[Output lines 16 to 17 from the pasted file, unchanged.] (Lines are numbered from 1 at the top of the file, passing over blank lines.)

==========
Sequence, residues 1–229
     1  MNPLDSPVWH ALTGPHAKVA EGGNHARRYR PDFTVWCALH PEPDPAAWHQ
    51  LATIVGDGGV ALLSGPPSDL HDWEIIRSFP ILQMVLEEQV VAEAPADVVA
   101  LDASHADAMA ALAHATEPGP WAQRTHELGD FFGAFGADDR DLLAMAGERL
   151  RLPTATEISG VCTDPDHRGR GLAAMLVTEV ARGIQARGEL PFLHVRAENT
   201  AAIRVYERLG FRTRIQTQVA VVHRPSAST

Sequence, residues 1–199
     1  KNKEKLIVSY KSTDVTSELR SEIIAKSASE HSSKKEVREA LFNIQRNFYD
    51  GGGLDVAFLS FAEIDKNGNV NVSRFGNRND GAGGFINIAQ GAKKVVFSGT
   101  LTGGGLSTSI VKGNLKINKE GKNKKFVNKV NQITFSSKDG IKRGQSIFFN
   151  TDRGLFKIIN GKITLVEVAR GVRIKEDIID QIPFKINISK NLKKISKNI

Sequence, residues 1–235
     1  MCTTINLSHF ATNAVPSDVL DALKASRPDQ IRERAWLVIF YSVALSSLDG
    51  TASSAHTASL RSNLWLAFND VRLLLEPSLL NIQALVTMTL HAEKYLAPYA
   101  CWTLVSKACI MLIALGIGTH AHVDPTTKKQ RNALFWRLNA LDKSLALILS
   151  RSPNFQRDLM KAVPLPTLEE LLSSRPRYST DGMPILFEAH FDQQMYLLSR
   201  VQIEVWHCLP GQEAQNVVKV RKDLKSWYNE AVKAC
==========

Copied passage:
   151  RSPNFQRDLM KAVPLPTLEE LLSSRPRYST DGMPILFEAH FDQQMYLLSR
   201  VQIEVWHCLP GQEAQNVVKV RKDLKSWYNE AVKAC